Adam, Brooke, Chrissy, and Tyler

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Sunday, June 16, 2013

Moon Phases Art Lesson

I am taking an e-course from Patty from Deep Space Sparkle. She is a public school art teacher in Goleta, California.  She has so many fabulous ways to integrate art into your curriculum and offers many wonderful lesson plans on TeachersPayTeachers.  I have been learning a TON and part of my homework is to work with some of the art supplies she suggests using in a classroom.  However, we have to think of ways it would work with our curriculum and create a step-by-step lesson.  I loved the idea of using acrylic paint but at the same time had my doubts since it stains clothing.  Still, I love how "professional" it looks and I found a great online store to order small canvas for the classroom: Blick art supplies.  These would be wonderful for parent gifts : )

So, when I was thinking of our curriculum, my mind immediately went to our science units.  One of my favorite units to teach is our Sun and Moon unit.  The kids just love learning about outer space!  (Granted, I wanted to paint lighthouses and palm trees but that doesn't exactly go along with our standards!!)  One of the Sun and Moon standards is learning the phases of the moon.  How cool would our hallway look with hand painted phases of the moon using acrylic and canvas!!!  So, that's what I decided on...the moon.  Poor Brooke was my guinea pig for the project but I was quite excited when she said, "Oh my gosh mommy, this is SO cool and fun!"  And since she was a first grader last year, and because I'm a first grade teacher, that's all I needed to hear to know that this would work!

MOON PHASES- First Grade
Objectives: TSW identify the phases of the moon 
TSW create tints by blending acrylic colors with white
TSW create shades by blending acrylic colors with black
TSW create highlights using different color acrylic
Here is a step by step tutorial, with photos, on creating acrylic moon phases on canvas:
(Obviously I would start by reviewing the moon phases but this it just the "art part" of the lesson.)


Phases of the Moon (crescent, half moon, full moon)



Large and small paint brushes

Acrylic paint: black, white, blue, and yellow
Straws, toilet paper rolls, marker tops (anything that will create circle rings to represent craters)

Step 1:  Have the children draw a large circle in the middle of their canvas with a pencil.  Have the children decide on which phase of the moon they want to paint.  If they decide to paint a full moon then they will skip step 4 of the following steps.  If they decide on any of the other phases, have them draw the line needed in their moon:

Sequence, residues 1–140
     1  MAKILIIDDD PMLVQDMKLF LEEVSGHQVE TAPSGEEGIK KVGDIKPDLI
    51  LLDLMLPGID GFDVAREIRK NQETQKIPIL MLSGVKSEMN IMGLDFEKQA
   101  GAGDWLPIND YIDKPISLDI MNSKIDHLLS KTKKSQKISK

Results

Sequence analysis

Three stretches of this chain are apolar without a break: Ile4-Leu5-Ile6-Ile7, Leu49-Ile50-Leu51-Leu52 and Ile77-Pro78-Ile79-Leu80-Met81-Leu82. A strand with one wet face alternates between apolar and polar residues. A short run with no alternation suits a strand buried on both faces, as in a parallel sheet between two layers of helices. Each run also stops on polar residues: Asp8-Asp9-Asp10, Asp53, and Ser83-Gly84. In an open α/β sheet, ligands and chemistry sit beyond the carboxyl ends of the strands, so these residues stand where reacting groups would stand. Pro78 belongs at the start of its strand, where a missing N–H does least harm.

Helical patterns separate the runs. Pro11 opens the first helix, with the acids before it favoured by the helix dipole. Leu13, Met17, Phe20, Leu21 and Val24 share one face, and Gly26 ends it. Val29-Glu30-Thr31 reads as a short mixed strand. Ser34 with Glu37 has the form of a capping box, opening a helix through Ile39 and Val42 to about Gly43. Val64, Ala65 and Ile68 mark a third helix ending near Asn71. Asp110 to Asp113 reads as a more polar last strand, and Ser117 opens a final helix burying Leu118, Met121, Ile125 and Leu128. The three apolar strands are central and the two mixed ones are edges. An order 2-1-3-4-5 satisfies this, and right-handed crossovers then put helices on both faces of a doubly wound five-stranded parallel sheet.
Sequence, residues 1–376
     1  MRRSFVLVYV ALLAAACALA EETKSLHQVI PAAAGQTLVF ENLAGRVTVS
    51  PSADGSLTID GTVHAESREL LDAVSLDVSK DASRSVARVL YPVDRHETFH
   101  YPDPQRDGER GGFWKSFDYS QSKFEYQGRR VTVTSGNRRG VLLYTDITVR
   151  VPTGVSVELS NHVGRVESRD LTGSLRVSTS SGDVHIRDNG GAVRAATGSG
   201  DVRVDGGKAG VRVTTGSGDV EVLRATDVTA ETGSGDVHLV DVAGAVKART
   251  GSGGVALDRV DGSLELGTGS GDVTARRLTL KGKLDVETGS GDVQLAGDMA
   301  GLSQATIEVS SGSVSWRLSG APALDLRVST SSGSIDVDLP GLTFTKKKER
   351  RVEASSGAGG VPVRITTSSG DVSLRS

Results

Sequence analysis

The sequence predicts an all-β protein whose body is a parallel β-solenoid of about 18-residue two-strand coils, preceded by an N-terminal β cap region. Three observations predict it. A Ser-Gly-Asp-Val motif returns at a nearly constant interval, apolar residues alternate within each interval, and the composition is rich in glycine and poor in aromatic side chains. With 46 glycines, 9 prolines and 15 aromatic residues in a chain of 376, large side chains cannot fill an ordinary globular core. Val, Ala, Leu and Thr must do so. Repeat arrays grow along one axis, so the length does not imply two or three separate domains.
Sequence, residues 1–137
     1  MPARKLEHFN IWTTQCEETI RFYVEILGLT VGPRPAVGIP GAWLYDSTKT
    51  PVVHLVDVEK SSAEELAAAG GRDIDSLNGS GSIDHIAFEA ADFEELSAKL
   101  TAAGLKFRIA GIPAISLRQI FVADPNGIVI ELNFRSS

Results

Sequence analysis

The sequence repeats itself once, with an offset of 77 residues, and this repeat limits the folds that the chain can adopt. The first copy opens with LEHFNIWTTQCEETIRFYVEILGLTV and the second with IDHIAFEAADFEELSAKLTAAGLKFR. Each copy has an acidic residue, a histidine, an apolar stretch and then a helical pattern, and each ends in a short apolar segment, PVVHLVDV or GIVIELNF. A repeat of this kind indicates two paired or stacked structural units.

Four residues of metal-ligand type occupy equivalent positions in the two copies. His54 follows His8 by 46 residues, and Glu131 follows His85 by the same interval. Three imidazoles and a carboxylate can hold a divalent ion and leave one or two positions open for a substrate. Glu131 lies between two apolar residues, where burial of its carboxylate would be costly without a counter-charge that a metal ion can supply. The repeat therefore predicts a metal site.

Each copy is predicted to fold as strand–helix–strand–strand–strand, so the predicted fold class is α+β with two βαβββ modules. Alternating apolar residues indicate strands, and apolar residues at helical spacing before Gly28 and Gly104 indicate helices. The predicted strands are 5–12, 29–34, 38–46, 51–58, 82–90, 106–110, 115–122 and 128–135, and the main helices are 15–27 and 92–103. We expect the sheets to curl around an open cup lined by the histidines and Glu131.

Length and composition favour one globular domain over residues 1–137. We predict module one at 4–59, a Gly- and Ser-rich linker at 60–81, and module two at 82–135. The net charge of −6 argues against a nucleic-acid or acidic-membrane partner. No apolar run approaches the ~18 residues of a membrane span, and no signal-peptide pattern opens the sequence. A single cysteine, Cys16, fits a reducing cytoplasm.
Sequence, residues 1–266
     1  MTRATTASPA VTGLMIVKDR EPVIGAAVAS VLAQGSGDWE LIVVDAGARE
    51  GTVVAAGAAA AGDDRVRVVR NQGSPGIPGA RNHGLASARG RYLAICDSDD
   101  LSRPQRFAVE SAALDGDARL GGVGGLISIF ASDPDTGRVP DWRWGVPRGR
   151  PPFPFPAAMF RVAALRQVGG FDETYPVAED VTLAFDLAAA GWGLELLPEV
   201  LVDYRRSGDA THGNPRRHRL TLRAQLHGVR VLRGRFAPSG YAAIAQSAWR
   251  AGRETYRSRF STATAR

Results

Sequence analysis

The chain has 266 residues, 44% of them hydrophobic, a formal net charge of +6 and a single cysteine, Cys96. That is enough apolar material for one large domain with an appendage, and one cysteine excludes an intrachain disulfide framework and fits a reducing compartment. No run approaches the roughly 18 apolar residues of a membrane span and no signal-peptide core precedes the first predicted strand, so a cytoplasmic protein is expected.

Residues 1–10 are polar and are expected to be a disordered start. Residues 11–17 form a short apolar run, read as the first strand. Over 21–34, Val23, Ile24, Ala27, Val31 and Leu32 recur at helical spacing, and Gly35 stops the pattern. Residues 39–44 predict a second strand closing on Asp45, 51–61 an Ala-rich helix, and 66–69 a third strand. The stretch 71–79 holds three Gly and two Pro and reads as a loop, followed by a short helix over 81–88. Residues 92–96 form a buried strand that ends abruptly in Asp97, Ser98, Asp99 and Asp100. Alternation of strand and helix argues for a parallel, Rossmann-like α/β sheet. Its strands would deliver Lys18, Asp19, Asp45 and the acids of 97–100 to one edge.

Step 2: Have the children paint the background black being careful not to paint inside of their pencil line:
Step 3:  have the children mix black, white, and blue to create a tinted bluish/grey color.  Have the children paint the part of the moon that the sun would be shining on.  Once they are finished, have them go back over the paint with pure white and/or blue to create highlights:

Step 4:  Have the children mix more black acrylic paint into their current moon color to create a darker shade of bluish grey.  This will represent the side of the moon that is facing away from the sun without blending into the background too much.

Step 5:  Have the  children create craters, with blue/white acrylic paint, using a straw, toilet paper roll, marker top, etc.  


Finally, have the children create stars using the opposite end of a paint brush and yellow/white acrylic paint.  Brooke even took it further and used a small, dry paintbrush to paint crossed in her yellow dots to make them more realistic!!
Here is the finished project.  Brooke was loving it so much she wouldn't stop for me to take a picture so this is my completed moon phase...crescent moon:

The finished moons would be great to use for a "cycle of the moon" game.  You could have the children put them in order.  I would definitely make sure all of the phases of the moon were being created.  You may need to assign each child a phase.  At first, I had Brooke draw her phase after she painted the black background.  She ended up with black paint all over her hands.  I would definitely have the children do this step, drawing the phase, during the first step.  If a child chooses or is assigned the full moon, then he/she would skip step 4.  You would also need to model for the children how to mix paint and how to create tints (add white) and shades (add black). 

I told you how much I really wanted to paint palm trees so I had to share my watercolor and acrylic palm tree.  This could be a great parent gift!

 I was also thinking of lighthouses which could go along with Our Community.  They could paint the Sullivan's Island Lighthouse!!  Here is a picture I painted using acrylic on canvas of the St. Joseph lighthouse in Michigan. 

 I will be creating 3 more step-by-step lessons in the coming weeks so stay tuned!



Patty Palmer said...

You are amazing! This is a great lesson! I love your "voice" too. Congrats on your 1st completed homework assignment!

Mrs. Jan's Artsy Kids said...

Hi Chrissy. Great lesson. I wanted to share with you a book that would go great with this lesson-especially for first graders. It's called "Papa, Please Get the Moon for Me" by Eric Carle. I used it with my third graders this year to review moon phases. They really enjoyed it. Thanks for the lesson ideas. Jan

Kellie said...

What a great idea. Love the science aspect. And your additional artwork is beautiful!!